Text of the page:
Panel strikes deal, skirts partisan battle on anti-extremist measure

Panel strikes deal, skirts partisan battle on anti-extremist measure

House lawmakers on Wednesday advanced legislation meant to fight back against extremist rampages, on the heels of new warnings from the FBI and last month’s massacre in South Carolina.

The unanimous vote to send the Countering Violent Extremism Act to the House floor skirted a protracted partisan battle in the House Homeland Security Committee.


After eight hours of disagreement, lawmakers said they had reached a tentative deal to confront a new stage in the fight against terrorism. The bill will focus the government’s efforts to prevent the creation of radicalized “lone wolf” extremists before they emerge, GOP lawmakers argued.

Democrats initially scoffed at the $40 million effort, which they said was being rushed through the chamber and ignored violence from white supremacists and other conservative extremists. But they appear to have been won over late in the afternoon.

“I did not want to bring this to the floor with Republicans and Democrats fighting each other as the enemy watches us,” committee Chairman Michael McCaulMichael Thomas McCaulHouse passes legislation to crack down on business with companies that utilize China's forced labor House Republicans blame Chinese cover-up for coronavirus pandemic Engel subpoenas US global media chief Michael Pack MORE (R-Texas) said. “I think that’s the wrong message to the terrorists — foreign or domestic.”

National security officials have been startled by the rise of the Islamic State in Iraq and Syria, which has proven adept at recruiting foreigners to join its cause and inspiring followers without the knowledge of core leaders.

In recent weeks, federal authorities have uncovered plots to behead the leader of an anti-Muslim group, shoot up a university and bomb New York City, among others they say were inspired by ISIS. Many of those planning to carry out the attacks grew radicalized by following extremists on Twitter, YouTube and other websites, officials say.

According to the House committee, there have been more homegrown plots against the U.S. in the first half of this year than in any full year since Sept. 11, 2001.

“The numbers are astounding,” McCaul said.

“The attack disrupted this week marks the 50th ISIS-linked terror plot against the Western world since early last year, and the 12th inside America,” he added.

In response, federal officials have grown more aggressive. Critics accuse law enforcement agents of being over-eager to file charges against people who aren’t able to actually carry out an attack and using the statistics to stoke fear among the public and on Capitol Hill.

Despite the increased pressure, however, Republicans said there were some glaring holes in the administration’s policy.

Federal officials “spend billions to try to stop [extremists], but very little on prevention,” McCaul said.

The Countering Violent Extremism Act would create a new top official within the Department of Homeland Security whose job would be to streamline the government’s efforts.

“In the face of mounting threats, our government is doing far too little to counter violent extremism here in the United States,” McCaul said. “We are ill-equipped to prevent Americans from being recruited by dangerous fanatics.”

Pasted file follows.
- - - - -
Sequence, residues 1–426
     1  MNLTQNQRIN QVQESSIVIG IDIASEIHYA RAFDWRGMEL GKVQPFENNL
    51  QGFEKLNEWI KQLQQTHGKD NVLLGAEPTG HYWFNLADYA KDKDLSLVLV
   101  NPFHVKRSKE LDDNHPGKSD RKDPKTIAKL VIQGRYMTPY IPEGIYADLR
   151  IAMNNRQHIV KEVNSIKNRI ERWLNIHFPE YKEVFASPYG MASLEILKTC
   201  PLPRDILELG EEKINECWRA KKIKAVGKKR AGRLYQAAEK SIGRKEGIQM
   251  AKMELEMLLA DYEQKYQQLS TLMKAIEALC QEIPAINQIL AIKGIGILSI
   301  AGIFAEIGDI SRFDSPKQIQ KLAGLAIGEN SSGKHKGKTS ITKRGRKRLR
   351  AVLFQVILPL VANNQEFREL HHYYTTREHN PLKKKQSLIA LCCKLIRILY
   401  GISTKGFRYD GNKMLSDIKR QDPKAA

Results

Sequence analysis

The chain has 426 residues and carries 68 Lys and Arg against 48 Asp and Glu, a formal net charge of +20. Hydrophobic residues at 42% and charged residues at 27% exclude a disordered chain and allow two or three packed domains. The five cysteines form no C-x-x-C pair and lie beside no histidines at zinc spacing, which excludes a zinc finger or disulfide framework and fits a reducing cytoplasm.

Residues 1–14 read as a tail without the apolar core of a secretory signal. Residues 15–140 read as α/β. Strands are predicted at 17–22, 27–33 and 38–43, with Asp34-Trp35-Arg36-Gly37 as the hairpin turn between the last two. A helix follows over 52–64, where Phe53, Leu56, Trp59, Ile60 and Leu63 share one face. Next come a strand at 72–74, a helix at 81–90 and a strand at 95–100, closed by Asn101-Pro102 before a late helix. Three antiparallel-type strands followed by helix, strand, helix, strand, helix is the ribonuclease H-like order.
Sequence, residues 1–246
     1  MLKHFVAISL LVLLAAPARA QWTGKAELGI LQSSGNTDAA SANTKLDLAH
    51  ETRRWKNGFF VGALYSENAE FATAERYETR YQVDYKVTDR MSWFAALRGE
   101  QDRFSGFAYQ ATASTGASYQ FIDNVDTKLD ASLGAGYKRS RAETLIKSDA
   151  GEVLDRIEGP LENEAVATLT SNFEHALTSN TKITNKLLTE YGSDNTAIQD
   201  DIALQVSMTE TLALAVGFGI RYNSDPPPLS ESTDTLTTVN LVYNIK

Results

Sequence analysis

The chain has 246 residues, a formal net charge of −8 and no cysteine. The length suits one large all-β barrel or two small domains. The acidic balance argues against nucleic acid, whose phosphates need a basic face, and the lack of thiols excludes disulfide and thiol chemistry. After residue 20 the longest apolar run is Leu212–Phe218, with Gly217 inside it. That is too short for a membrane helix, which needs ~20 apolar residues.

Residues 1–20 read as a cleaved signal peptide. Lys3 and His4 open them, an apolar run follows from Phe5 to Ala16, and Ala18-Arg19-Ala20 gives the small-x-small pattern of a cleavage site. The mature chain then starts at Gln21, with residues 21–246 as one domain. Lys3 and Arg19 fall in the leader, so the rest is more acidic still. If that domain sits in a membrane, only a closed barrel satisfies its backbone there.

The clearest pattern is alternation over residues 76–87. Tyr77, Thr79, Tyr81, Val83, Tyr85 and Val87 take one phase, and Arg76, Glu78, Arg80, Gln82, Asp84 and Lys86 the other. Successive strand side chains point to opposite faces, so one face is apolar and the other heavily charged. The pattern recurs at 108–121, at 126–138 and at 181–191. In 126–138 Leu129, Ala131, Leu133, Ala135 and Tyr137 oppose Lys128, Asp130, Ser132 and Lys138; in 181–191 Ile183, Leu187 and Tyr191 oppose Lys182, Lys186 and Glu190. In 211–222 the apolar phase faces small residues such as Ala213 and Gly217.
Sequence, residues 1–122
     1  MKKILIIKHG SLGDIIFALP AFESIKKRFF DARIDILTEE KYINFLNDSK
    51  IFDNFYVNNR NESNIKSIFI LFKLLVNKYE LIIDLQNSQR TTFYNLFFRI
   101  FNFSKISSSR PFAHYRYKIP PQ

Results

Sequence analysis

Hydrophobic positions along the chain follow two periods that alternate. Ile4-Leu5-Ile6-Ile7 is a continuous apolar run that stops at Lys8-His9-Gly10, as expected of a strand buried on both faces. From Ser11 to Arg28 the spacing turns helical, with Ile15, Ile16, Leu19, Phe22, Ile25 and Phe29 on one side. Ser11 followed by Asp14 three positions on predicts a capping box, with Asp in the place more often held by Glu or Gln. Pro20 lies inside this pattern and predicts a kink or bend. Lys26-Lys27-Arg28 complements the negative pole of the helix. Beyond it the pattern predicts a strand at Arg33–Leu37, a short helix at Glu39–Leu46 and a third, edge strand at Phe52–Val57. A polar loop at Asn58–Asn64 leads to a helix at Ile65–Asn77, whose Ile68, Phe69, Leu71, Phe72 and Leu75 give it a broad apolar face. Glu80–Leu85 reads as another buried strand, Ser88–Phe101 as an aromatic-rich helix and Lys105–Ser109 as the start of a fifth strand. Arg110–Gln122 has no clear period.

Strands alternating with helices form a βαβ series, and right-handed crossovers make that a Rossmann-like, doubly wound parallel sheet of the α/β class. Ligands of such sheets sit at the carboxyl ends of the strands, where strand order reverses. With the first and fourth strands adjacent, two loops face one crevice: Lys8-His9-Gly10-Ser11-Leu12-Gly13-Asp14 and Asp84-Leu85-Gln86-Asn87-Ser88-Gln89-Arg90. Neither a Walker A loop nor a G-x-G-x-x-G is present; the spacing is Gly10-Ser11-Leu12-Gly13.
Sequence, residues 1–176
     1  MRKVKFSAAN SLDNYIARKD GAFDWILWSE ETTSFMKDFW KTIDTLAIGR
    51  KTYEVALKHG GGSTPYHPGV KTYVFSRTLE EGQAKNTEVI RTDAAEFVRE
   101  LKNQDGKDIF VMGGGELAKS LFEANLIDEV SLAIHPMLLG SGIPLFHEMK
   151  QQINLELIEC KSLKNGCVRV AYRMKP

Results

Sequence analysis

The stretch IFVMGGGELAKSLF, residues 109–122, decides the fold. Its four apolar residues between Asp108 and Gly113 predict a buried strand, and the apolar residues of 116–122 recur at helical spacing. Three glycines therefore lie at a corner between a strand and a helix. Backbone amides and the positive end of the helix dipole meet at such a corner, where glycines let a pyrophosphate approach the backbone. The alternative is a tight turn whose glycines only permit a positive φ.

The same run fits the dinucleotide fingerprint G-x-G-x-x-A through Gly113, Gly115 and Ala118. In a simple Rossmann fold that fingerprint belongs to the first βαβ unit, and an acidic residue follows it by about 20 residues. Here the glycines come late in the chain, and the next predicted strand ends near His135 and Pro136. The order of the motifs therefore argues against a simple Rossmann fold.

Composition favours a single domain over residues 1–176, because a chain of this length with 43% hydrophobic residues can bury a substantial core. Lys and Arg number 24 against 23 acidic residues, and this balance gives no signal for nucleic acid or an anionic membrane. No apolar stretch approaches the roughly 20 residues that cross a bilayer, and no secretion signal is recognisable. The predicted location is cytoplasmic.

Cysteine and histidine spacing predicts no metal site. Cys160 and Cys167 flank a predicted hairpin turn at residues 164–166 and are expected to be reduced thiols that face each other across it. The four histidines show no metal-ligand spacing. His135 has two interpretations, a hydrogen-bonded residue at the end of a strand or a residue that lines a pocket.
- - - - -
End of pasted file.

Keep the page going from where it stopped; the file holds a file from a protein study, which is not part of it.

But the DHS declined to send an official to testify about the bill before the committee on Wednesday and has not made clear that it supports the effort.

“Until the committee sees DHS’s [countering violent extremism] strategy and has the opportunity to evaluate it, there is simply no justification for granting DHS a host of new authorities and resources,” said Rep. Bennie Thompson (Miss.), the panel’s top Democrat.

Ahead of the votes, 42 civil rights organizations, including the American Civil Liberties Union, the NAACP and the Brennan Center for Justice, told lawmakers that the bill would be ineffective and could also lead to extra profiling of Muslims.

By using religious practices to identify potential targets, the prevention efforts “threaten freedoms of speech, association, and religion,” they warned.

Opponents also feared that the new effort ignored conservative extremists such as Dylann Roof, the alleged killer of nine people at a South Carolina church last month.

“I have a problem with a bill like [this one] when it goes out after a particular group,” said Rep. Loretta Sanchez (D-Calif.).

In 2010, the FBI came under fire from some Muslims in Sanchez’s Los Angeles-area district for using undercover informants to try to detect extremists. Critics said that the FBI actually supplied deranged people with weapons only to turn around and arrest them. 

“I come from a district where the FBI put in undercover agents to go into our mosques and infiltrate our Muslim youth ... and try to entrap, in a sense, these youth to do terrorism, or to radicalize,” she said.

The legislation itself does not differentiate between different types of extremism, Republicans were quick to point out. Instead, the bill defines extremism as “ideologically motivated terrorist activities.”

“The bill expands the role of the department to all forms of extremism,” McCaul claimed.

The notion that it erects blinders focusing on Islamic extremism “is a fiction,” he added. “It’s not in the bill.”

Negotiations to hammer out “a few more elements” will continue in the coming days, McCaul said, but he promised to end up with a bipartisan bill by the time it hit the floor.

“I’ll give you every assurance that it’s my full intention to work out these elements so we can proceed and get the bill to the floor with bipartisan support,” he added.